The Epstein Barr Virus (EBV) is an oncogenic gamma-herpesvirus that is associated with Hodgkin disease and anaplasmic nasopharyngeal carcinoma. EBV infection is particularly hazardous with advanced HIV disease or transplant, where EBV-encoded proteins drive aberrant cell growth in the absence of immune surveillance. The principal EBV oncogene, Latent Membrane Protein 1 (LMP1), promotes cell survival and proliferation by mimicking activated immune receptors. Through incompletely defined pathways, LMP1 potently stimulates Nuclear Factor Kappa B (NF-kB), transcription factors that control inflammation, cell survival and growth. EBV- transformed cells rely on constitutive NF-kB activation, and rapidly undergo apoptosis upon NF-kB blockade. Side-effects preclude the clinical use of currently available NF-kB inhibitors, though LMP1-selective drug targets may afford substantially less toxicity. It is therefore important to define how LMP1 activates NF-kB. I have carried out a human genome-wide siRNA screen for cellular modulators of LMP1 canonical NF-kB activation. Hits that either suppress or enhance LMP1 activation of NF-kB have been validated with secondary screens. The screens have implicated numerous proteins in LMP1 function, including novel factors not previously associated with NF-kB. I will carry out hypothesis-based and larger-scale secondary assays to identify critical missing components of LMP1 NF-kB activation in both epithelial cells and B lymphoblasts. I will pursue detailed biochemical analysis of several targets of particular interest, including potentially druggable enzymes and functionally clustered hits. Secondary screens will further stratify hits into functional groups based on whether they affect LMP1 expression, subcellular trafficking, and where they function within the LMP1/NF-kB pathway. Cellular factors uniquely employed by LMP1, but not by immune receptor pathways, may serve as important therapeutic targets for treatment of EBV-driven malignancies. Likewise, these studies may reveal important general mechanisms of NF-kB activation, with implications for allergy, autoimmunity, and host-defense.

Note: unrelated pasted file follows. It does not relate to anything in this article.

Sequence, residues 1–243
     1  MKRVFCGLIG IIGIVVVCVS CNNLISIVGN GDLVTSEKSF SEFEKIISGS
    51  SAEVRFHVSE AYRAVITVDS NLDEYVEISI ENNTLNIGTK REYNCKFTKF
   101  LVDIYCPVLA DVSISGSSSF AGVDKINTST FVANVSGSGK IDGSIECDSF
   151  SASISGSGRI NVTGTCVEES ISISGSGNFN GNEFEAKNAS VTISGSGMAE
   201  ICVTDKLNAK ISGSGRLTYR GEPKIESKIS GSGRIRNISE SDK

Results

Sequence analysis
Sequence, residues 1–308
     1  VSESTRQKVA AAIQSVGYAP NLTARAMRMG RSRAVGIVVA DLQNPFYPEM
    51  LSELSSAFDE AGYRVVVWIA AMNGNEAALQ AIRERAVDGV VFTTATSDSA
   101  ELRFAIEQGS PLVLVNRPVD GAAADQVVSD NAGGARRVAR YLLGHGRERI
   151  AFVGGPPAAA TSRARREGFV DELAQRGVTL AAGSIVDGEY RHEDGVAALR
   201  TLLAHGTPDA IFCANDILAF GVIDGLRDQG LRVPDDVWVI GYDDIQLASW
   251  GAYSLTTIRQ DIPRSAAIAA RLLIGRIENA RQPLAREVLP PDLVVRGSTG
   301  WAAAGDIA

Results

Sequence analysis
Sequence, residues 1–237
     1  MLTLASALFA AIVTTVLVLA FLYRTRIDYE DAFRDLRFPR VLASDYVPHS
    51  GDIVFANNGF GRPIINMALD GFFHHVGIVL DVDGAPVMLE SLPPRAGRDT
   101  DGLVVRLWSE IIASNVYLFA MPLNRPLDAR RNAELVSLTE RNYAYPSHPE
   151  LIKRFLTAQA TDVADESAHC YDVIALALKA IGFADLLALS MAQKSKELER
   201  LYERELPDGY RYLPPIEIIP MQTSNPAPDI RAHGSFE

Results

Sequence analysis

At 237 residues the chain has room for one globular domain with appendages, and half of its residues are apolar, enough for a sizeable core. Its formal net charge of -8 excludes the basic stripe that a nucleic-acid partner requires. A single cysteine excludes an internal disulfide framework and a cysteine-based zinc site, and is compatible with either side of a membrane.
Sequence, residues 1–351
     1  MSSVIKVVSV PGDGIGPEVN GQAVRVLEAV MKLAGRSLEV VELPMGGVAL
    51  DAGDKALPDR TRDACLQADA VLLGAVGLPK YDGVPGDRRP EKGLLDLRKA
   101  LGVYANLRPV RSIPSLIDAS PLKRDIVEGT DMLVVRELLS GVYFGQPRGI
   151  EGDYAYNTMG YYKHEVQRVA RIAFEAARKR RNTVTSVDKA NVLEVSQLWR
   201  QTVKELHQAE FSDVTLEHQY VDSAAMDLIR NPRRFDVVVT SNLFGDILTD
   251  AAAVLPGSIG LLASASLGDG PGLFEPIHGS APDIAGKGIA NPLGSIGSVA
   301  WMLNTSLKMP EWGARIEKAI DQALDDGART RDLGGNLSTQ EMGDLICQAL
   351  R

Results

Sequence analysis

Persistent Epstein Barr virus infection is an important cause of certain lymphoma and throat cancers. This project will better define how EBV subverts cellular machinery to drive cancerous growth of infected cells. Ultimately, it is hoped that knowledge gained from these studies may enable the development of chemotherapies that specifically block EBV function.
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